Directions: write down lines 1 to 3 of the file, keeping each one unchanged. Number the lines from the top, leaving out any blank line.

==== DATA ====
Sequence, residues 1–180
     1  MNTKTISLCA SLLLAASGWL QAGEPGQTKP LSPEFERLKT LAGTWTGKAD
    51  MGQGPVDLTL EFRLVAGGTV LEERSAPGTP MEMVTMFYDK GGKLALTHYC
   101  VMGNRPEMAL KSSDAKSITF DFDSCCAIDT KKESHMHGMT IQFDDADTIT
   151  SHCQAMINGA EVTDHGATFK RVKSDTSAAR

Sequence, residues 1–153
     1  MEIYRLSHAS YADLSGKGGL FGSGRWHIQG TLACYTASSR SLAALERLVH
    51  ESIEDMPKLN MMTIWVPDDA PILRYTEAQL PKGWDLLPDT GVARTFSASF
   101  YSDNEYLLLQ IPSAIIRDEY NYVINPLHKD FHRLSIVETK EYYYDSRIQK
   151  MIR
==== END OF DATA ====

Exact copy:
Sequence, residues 1–180
     1  MNTKTISLCA SLLLAASGWL QAGEPGQTKP LSPEFERLKT LAGTWTGKAD
    51  MGQGPVDLTL EFRLVAGGTV LEERSAPGTP MEMVTMFYDK GGKLALTHYC